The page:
($59,472). The lowest income was
reported by part-time independent
contractors, at $22,935.

U.S.-Based Respondents Earned More

Than Non-U.S.-Based: For example,
full-time independent contractors based
in the U.S. earned an average gross 2006
income from translation and interpreting
of $60,423, compared to only $56,672
for those outside the U.S. (see Figure 3,
page 13).
ATA Certification Matters: Respondents who were ATA-certified earned
a higher gross income in 2006 than
those who were not ATA-certified.
Using the full-time in-house private
sector as an example, Figure 4 shows
the impact ATA certification had on
gross income. Those with ATA certification earned 35% more than their
noncertified counterparts ($72,261
versus $53,632).
Rates Per Word and Hourly Rates:
At an average of $0.19 per word, the
language combinations commanding
the highest rate per word were English
into Arabic and English into Danish.
At an average of $0.12 per word, the
language combinations commanding

the lowest rate were English into

Italian and English into Portuguese.
The highest average hourly rates
by language combination were
English into Chinese ($74.92) and
Chinese into English ($65.79).
Trends: More than half of the respondents reported that their 2006 gross
income from translation and interpreting increased compared to 2005.
One-quarter reported no change in
income, while 17% reported a decline.
Education and Experience: Three
out of four respondents had achieved
either a masters degree (44%) or a
bachelors degree (32%). One-fifth
reported having a degree in translation,
while 12% reported having a degree in
interpreting. One-third reported having
a non-degree certificate in translation,
while 27% reported having a nondegree certificate in interpreting. Other
credentials reported include court
certification (5%), passing the State
Department exam (9%), and passing
the UN exam (1%).

Figure 4: Full-time In-house Private Sector 2006 Average Gross Income* by Certification Status
(U.S.-Based Respondents)

ATA Certified

Non-ATA Certified



*Income from translation and interpreting only.


The ATA Chronicle

February 2008

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Areas of Specialization: The most

common areas of specialization
reported were business/finance (57%),
law (55%), medicine (47%), and
industry and technology (38%).
Uncommon areas of specialization
included entertainment (18%), natural
sciences (16%), and pure sciences (8%).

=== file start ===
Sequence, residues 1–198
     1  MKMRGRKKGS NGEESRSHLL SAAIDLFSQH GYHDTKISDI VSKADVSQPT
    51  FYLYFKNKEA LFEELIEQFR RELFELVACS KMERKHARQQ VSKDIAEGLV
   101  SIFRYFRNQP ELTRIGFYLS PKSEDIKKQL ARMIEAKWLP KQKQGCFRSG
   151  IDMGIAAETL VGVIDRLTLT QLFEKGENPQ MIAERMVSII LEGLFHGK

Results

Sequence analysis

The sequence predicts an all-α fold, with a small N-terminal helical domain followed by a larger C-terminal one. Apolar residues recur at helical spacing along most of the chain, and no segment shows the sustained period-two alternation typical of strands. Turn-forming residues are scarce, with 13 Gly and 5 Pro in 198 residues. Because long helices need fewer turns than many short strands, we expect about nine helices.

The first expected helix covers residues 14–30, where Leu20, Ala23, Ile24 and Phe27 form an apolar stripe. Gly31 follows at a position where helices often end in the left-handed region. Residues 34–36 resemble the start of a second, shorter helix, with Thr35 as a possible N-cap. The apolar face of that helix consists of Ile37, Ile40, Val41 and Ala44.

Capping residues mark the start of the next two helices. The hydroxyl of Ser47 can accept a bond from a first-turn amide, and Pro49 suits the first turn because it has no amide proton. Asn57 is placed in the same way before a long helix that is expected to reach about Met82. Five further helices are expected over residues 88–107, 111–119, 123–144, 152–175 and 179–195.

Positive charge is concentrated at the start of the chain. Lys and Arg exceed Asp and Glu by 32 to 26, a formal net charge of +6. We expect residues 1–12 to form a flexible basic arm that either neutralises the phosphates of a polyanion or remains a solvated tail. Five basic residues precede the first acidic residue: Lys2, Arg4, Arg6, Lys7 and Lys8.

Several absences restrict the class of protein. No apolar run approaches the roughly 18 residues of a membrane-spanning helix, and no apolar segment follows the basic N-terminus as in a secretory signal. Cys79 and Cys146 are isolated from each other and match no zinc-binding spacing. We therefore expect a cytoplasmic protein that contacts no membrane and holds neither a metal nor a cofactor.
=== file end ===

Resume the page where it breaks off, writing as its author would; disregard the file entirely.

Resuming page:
Translation Speed: The average
respondent reported a translation
speed in target words per hour at 540.
Average translation speeds ranged
from 324 to 660 depending on the
employment classification.

Technology Tools Used: The most

common technology tools used were
word processing applications (98%),
translation memory tools (47%), terminology management software (27%),
and desktop publishing software (25%).

Ordering Information
ATAs 48-page Translation and
Interpreting Compensation Survey
presents the survey results in much
greater detail than possible in this
summary article. The complete report
includes charts and tables that provide
a detailed profile of each of the seven
employment classifications men-

tioned in this article. It is important to

remember that the statistics published
by ATA should be regarded as guidelines rather than absolute standards.
ATA intends the survey to reveal general tendencies in the industry, not
exact amounts.
The full report is available to ATA
members ($45) and nonmembers
($65). Order your copy today at

Call for Papers

American Translators Association 49th Annual Conference
Orlando, Florida November 5-8, 2008
Hilton in the Walt Disney World Resort
Proposals are invited on topics in all areas of translation and interpreting, including the following:
Financial Translation and Interpreting; Independent Contractors; Interpreting; Language Services
Providers; Language-Specific Sessions; Language Technology; Legal Translation and Interpreting;
Literary; Media; Medical Translation and Interpreting; Science and Technology; Terminology; and
Training and Pedagogy. Suggestions for additional topics are welcome.
Proposals for sessions must be submitted on the Conference Presentation Proposal Form to: Conference
Organizer, ATA Headquarters, 225 Reinekers Lane, Suite 590, Alexandria, VA 22314 USA; Fax:
+1-703-683-6122. All proposals for sessions must be in English.

Submission deadline: March 14, 2008

Theres no time like the present! Download a Conference Presentation Proposal Form at

The ATA Chronicle

February 2008